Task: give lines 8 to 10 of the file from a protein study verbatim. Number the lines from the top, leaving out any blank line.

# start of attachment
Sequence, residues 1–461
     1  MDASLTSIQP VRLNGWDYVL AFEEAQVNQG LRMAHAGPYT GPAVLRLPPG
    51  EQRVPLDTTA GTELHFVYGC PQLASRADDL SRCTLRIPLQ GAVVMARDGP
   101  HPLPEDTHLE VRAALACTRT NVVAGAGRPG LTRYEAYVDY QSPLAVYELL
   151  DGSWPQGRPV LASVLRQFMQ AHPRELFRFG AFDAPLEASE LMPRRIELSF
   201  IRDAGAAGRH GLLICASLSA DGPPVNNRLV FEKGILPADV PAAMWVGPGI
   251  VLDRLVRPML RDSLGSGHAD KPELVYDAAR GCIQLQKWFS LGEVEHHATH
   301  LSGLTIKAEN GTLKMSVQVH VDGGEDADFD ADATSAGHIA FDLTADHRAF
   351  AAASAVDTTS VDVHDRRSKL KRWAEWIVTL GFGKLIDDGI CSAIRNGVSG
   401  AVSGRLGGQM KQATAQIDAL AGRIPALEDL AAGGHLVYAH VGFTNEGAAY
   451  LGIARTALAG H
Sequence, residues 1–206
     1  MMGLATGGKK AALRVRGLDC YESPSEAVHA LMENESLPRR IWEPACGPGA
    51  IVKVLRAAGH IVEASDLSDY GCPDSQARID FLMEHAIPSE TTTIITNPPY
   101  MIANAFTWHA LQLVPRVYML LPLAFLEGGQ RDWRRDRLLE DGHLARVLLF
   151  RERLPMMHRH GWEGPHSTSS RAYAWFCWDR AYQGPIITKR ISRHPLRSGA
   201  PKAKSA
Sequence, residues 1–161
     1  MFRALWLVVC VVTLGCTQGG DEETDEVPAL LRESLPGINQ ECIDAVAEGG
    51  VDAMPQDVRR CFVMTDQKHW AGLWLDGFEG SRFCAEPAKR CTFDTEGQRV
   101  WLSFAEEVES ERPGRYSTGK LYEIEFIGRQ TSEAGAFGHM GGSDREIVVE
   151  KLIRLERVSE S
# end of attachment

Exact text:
   301  LSGLTIKAEN GTLKMSVQVH VDGGEDADFD ADATSAGHIA FDLTADHRAF
   351  AAASAVDTTS VDVHDRRSKL KRWAEWIVTL GFGKLIDDGI CSAIRNGVSG
   401  AVSGRLGGQM KQATAQIDAL AGRIPALEDL AAGGHLVYAH VGFTNEGAAY